IAs, standards and specifications are critical in the development of broad industry support. Microsoft has the ability within OIF to share our requirements, as do other CICPs and network operator members of OIF. This permits members of OIF to work to develop a specification to meet the requirements.

One may think, “Why would you need to be involved if they know your requirements?” The key is that not all requirements are the same. Where Microsoft may only need a solution to satisfy a certain performance requirement, another may require the solution to exceed that requirement. Or, someone else may need additional requirements to be satisfied.

Microsoft could just toss their requirements “into the hat” and hope what results will satisfy. But by being engaged in OIF’s process, Microsoft can represent its requirements first-hand. Questions that may arise on those requirements can be answered in real-time. This helps to represent Microsoft’s requirements and commitment to OIF’s solution, which in turn leads to broader industry support for the development of a specification. Microsoft has been able to observe this with the 400ZR project.

Microsoft’s previous 100G solution for the same application was performed through an engagement with a single vendor. While this was necessary for Microsoft to develop its new network architecture, it was not what Microsoft wanted for our 400G network. In discussions with other CICPs, we discovered they had similar requirements and when we discussed where we thought to do the work, there was a broad agreement that OIF was the right organization due to its operating model and membership.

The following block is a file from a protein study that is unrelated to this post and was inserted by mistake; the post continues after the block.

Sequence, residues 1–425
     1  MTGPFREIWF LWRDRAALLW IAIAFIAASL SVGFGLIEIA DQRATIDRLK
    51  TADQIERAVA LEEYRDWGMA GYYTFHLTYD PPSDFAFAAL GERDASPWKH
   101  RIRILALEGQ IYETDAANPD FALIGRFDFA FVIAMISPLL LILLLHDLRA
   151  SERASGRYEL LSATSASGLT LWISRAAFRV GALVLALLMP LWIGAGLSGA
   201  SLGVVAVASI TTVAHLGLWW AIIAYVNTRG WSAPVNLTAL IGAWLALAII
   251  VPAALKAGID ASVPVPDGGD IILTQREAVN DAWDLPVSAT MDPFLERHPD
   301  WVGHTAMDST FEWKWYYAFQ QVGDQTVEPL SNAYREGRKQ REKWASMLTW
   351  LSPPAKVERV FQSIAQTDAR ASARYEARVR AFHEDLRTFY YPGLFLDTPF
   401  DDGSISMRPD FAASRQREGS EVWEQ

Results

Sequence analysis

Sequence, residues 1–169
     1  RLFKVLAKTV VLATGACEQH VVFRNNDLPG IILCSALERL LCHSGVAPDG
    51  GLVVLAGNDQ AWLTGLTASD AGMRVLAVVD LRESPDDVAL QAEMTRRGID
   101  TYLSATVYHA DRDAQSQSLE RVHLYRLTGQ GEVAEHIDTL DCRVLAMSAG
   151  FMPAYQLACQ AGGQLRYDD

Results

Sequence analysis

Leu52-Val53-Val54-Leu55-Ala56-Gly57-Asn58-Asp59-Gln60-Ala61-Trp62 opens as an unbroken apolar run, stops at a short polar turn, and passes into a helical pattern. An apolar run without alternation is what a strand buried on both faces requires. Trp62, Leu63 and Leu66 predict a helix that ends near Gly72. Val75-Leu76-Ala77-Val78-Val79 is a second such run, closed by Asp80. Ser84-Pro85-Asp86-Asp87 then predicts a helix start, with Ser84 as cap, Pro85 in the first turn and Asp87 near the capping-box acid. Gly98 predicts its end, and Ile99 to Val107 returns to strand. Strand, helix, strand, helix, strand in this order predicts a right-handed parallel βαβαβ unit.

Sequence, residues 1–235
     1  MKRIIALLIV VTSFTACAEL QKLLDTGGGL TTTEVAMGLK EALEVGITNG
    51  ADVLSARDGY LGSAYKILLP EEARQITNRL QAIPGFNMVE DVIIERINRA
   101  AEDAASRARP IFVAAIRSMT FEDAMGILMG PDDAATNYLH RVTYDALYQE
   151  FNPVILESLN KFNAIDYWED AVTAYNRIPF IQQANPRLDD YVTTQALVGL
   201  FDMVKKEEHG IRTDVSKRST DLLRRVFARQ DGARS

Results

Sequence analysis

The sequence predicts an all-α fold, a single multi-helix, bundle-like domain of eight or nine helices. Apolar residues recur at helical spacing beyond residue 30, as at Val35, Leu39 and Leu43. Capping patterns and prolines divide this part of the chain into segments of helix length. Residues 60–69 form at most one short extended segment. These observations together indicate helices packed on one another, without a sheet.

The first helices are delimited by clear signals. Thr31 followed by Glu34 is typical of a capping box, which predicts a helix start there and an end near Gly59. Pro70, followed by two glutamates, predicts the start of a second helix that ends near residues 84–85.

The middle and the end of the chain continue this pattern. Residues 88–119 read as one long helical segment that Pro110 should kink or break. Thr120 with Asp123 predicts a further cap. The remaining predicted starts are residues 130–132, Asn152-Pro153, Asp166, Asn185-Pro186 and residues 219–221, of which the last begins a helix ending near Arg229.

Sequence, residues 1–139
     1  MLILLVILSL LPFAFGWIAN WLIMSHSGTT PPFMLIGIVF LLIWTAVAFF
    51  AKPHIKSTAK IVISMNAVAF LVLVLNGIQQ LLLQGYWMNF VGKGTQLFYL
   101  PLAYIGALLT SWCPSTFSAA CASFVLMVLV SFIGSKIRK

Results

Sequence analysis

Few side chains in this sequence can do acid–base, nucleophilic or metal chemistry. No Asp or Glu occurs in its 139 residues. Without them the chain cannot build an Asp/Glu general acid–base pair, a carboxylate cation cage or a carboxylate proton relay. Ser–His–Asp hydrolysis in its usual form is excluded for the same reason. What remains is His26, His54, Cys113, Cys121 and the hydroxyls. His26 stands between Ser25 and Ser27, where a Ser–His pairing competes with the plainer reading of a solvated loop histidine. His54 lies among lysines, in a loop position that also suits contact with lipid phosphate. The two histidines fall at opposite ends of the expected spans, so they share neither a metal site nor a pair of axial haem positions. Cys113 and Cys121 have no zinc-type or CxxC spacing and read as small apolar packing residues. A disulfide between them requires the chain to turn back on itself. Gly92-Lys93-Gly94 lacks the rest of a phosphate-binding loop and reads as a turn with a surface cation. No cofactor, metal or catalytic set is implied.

One of the reasons OIF was felt to be the right organization was the ability to perform exploration prior to initiating a project. Other groups/standards bodies that were considered have a very rigid operating structure for how new projects can be explored or initiated. On the other hand, OIF has a very flexible structure that permits the ability to gain consensus and accelerate project initiation if there is broad agreement.

The 400ZR project is again a good example of OIF’s ability to accelerate to meet the market demand. At the OIF 4Q16 meeting in Auckland, New Zealand, a group of companies, led by Google and Microsoft, shared with OIF members the desire to start a future project for 400G coherent metro links. OIF members were in complete agreement on the need to develop a solution, and they accelerated the desire for a future project to become an active project.

At the OIF 2Q18 meeting in Nuremberg, Germany, there were requests to initiate two new projects under the Physical & Link Layer Working Group. The new project requests were closely related in trying to solve the same electrical challenge. Instead of having to either reject both or pick one, the OIF framework is flexible enough for the two parties to explore how to create a single project, which became CEI-112G-XSR, while at the same meeting, saving time and energy for those involved.